She’s had a long-running battle with U.S. Speedskating and the country’s Olympic hierarchy, believing they haven’t done enough to support her son. She doesn’t hesitate to rip off scathing e-mails to other skaters or their parents, warning them to stay out of Shani’s business. She claims her son endured all sorts of racial harassment from a white skating community that called him “boy” and was quick to disqualify him from races at the smallest sign of trouble.
“They turned up their nose and snubbed us,” Cherie Davis said. “Now, they want to be our friends. Well, I don’t want to be friends. I’ll be the bad guy. People always say, ‘Shani is really sweet, but ohhhh his mother.’”
Indeed, it’s impossible to talk about Shani without bringing up his mom. Most skaters and officials are reticent to discuss her on the record, but their rolling eyes and tightened lips are a telling sign of how she’s viewed in the speedskating world.
That said, Shani wouldn’t think of loosening ties with the woman who raised him, who made sure he never wanted for anything even when money was tight, who went out of her way to get him to every practice, every meet. The women who now fights all his battles so he can focus on his skating.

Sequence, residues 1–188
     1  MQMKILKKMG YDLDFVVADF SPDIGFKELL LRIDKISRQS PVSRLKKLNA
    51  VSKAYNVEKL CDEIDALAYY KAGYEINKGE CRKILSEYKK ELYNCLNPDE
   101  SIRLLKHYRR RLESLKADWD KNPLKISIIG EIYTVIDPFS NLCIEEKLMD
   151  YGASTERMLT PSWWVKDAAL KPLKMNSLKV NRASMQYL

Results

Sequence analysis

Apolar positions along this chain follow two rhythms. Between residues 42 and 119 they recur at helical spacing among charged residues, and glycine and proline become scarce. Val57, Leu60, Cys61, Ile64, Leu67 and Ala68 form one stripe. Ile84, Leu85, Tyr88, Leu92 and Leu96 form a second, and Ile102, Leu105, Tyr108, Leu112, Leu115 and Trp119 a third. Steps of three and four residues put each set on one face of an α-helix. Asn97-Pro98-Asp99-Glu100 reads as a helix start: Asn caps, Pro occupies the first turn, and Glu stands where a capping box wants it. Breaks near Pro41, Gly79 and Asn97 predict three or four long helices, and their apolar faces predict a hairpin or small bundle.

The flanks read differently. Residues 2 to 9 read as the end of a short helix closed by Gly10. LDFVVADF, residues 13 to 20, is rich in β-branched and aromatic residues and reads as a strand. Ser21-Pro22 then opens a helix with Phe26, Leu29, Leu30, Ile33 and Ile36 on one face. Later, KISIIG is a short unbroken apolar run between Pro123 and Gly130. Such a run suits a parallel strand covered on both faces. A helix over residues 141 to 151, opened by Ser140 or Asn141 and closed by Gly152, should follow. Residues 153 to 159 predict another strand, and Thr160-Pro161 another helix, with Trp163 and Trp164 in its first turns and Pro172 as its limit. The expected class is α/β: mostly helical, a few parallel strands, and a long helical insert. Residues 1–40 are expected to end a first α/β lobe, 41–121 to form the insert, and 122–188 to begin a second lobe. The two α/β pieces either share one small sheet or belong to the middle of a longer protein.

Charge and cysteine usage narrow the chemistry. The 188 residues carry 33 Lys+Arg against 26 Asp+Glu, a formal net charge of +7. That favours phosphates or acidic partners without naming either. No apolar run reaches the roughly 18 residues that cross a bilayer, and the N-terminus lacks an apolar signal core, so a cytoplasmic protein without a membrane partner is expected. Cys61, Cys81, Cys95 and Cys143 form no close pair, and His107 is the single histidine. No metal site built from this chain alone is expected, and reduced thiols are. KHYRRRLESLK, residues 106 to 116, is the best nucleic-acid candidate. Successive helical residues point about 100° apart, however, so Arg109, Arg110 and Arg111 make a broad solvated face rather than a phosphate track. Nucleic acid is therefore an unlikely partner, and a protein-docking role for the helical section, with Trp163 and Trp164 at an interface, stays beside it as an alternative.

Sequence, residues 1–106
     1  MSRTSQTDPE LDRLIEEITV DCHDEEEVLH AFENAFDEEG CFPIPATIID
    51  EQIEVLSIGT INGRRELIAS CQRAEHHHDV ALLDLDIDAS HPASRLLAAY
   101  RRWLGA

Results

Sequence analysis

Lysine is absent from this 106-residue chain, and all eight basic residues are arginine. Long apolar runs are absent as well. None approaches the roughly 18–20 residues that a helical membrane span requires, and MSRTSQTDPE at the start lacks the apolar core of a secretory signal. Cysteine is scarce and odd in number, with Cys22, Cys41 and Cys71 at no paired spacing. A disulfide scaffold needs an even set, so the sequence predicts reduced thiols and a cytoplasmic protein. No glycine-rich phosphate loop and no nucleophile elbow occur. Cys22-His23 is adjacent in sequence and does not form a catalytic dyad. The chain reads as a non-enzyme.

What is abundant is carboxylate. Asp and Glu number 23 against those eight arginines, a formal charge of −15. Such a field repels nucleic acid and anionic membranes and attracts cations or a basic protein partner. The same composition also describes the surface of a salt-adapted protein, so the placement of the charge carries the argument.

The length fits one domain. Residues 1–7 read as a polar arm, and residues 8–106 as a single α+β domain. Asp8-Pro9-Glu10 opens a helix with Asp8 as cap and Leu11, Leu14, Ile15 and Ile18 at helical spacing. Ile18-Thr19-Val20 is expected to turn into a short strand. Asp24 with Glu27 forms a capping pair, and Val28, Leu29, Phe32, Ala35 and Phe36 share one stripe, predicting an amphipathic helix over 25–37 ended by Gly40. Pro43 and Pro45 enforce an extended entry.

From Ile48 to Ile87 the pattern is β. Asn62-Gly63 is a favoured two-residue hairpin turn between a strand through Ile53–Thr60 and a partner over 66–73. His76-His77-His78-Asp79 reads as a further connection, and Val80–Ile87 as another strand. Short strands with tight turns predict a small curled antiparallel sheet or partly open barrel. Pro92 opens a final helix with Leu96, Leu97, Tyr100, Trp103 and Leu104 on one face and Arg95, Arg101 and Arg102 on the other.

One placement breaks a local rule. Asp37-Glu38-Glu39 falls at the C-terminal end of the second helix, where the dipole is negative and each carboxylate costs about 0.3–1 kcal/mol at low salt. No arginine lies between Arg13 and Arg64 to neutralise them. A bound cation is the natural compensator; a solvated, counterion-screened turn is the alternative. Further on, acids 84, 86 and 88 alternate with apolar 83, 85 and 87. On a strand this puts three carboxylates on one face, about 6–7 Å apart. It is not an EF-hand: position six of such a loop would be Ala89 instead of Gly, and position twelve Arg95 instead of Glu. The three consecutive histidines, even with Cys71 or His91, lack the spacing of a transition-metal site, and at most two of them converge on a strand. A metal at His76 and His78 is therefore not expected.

“If someone is doing something against your child, something that’s not in his best interests, how many parents would stand aside and let that happen?” he said. “I never asked to be put on this Earth. I never talked to my mom beforehand and said, ‘Hey, I want to be born, I want to be in this sport, I want to do this or that.’ She feels it’s her duty – and I agree with her – to take care of me. If taking care of me means getting involved in my business, that’s fine.”
Another long track skater, Kip Carpenter, insists Davis is “a great guy” who gets along just fine with his fellow competitors. Still, Carpenter acknowledges the unique arrangement of “Team Shani.”
“He’s his own person, but I don’t know how many decisions he makes on his own,” Carpenter said. “I believe he has a lot of direction. In a lot of instances, he doesn’t even make an effort, someone else makes the effort for him or just handles it. … I was maybe 7 or 8 the last time my mom put clothes out for me to wear for school.”
Davis became the first black speedskater to make the U.S. Olympic team in 2002. He hardly had time to celebrate before another skater screamed fix, accusing Apolo Anton Ohno and Rusty Smith of conspiring to get their friend on the short track squad. The charges were tossed out and Davis stayed on the team, but he wasn’t picked to skate in Salt Lake City.